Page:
Levels of Argument: A Comparative Study of Plato's Republic and Aristotle's Nicomachean Ethics

2015.11.25 : View this Review Online | View Recent NDPR Reviews Dominic Scott, Levels of Argument: A Comparative Study of Plato's Republic and Aristotle's Nicomachean Ethics, Oxford University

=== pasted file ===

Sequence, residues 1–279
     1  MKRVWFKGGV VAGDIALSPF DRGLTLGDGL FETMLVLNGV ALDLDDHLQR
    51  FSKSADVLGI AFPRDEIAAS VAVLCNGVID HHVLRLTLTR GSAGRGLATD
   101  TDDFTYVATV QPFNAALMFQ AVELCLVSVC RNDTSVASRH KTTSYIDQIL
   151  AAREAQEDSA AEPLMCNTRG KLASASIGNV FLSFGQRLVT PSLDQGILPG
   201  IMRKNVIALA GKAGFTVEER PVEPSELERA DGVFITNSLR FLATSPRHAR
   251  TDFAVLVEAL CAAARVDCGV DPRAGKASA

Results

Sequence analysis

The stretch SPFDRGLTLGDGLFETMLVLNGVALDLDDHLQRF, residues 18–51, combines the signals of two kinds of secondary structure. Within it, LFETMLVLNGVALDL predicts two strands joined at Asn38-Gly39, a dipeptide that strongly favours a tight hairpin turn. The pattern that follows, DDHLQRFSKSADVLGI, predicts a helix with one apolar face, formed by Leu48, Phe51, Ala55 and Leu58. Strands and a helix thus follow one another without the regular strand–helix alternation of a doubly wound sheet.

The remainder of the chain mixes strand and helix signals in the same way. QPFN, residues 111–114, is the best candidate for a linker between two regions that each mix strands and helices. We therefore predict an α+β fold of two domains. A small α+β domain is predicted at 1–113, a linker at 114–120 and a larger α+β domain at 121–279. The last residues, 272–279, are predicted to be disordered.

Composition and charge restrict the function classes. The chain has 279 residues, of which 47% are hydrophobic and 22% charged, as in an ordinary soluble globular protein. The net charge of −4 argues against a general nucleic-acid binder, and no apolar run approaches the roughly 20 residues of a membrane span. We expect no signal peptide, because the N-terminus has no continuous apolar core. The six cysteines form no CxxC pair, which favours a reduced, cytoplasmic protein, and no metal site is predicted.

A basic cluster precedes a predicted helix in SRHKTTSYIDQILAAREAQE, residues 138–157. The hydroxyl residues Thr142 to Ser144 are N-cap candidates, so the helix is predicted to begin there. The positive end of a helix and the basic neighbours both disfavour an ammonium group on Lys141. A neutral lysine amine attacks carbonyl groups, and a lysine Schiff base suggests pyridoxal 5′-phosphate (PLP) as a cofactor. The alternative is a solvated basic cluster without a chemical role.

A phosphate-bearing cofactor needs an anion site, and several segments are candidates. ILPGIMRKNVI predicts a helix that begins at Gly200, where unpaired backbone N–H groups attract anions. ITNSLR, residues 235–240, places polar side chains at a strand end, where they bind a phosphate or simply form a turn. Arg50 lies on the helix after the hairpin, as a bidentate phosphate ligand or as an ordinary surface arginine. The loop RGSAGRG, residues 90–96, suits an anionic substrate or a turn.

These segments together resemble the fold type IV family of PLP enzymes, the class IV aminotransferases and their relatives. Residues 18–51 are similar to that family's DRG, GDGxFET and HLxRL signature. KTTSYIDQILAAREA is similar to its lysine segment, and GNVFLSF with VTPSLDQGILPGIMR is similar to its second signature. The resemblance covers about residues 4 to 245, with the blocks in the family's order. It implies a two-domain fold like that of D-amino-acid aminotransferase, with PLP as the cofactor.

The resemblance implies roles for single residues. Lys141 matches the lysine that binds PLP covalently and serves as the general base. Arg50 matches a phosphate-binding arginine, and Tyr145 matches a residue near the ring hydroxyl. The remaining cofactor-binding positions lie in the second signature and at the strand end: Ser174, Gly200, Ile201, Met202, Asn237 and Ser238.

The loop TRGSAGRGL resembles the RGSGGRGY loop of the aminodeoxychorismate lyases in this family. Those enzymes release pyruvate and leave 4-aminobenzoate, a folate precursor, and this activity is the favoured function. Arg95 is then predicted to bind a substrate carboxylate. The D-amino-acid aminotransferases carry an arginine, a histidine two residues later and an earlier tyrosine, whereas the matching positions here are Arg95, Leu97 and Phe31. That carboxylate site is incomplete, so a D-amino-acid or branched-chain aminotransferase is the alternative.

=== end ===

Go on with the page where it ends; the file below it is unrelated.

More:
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2015.11.25 : View this Review Online | View Recent NDPR Reviews Dominic Scott, Levels of Argument: A Comparative Study of Plato's Republic and Aristotle's Nicomachean Ethics, Oxford University Press, 2015, 235pp., $70.00 (hbk), ISBN 9780199249640. Reviewed by Samuel H. Baker, University of South Alabama According to Aristotle, the end of theoretical philosophy is knowing truth, while the end of practical philosophy is "not knowing but acting" (Nicomachean Ethics I 3, 1095a5-6). Consequently, the subject matter of theoretical and practical philosophy may very well overlap. In such cases, the theoretical philosopher will consider the subject with a view to comprehending it as thoroughly as possible, while the practical philosopher will consider it just as is useful for acting well. To illustrate this point, Aristotle uses a case of productive expertise: "the carpenter and the geometer inquire about the right angle differently -- the former insofar as it will help his. . .

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